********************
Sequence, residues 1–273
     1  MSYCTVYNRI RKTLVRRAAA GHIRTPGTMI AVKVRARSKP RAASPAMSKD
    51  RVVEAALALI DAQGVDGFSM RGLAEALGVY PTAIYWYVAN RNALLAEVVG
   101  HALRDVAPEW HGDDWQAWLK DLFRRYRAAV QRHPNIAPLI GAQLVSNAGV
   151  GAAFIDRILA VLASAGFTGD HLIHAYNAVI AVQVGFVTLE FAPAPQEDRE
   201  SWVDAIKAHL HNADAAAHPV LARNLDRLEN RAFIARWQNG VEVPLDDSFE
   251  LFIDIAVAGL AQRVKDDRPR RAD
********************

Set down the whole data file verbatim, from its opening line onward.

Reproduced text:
Sequence, residues 1–273
     1  MSYCTVYNRI RKTLVRRAAA GHIRTPGTMI AVKVRARSKP RAASPAMSKD
    51  RVVEAALALI DAQGVDGFSM RGLAEALGVY PTAIYWYVAN RNALLAEVVG
   101  HALRDVAPEW HGDDWQAWLK DLFRRYRAAV QRHPNIAPLI GAQLVSNAGV
   151  GAAFIDRILA VLASAGFTGD HLIHAYNAVI AVQVGFVTLE FAPAPQEDRE
   201  SWVDAIKAHL HNADAAAHPV LARNLDRLEN RAFIARWQNG VEVPLDDSFE
   251  LFIDIAVAGL AQRVKDDRPR RAD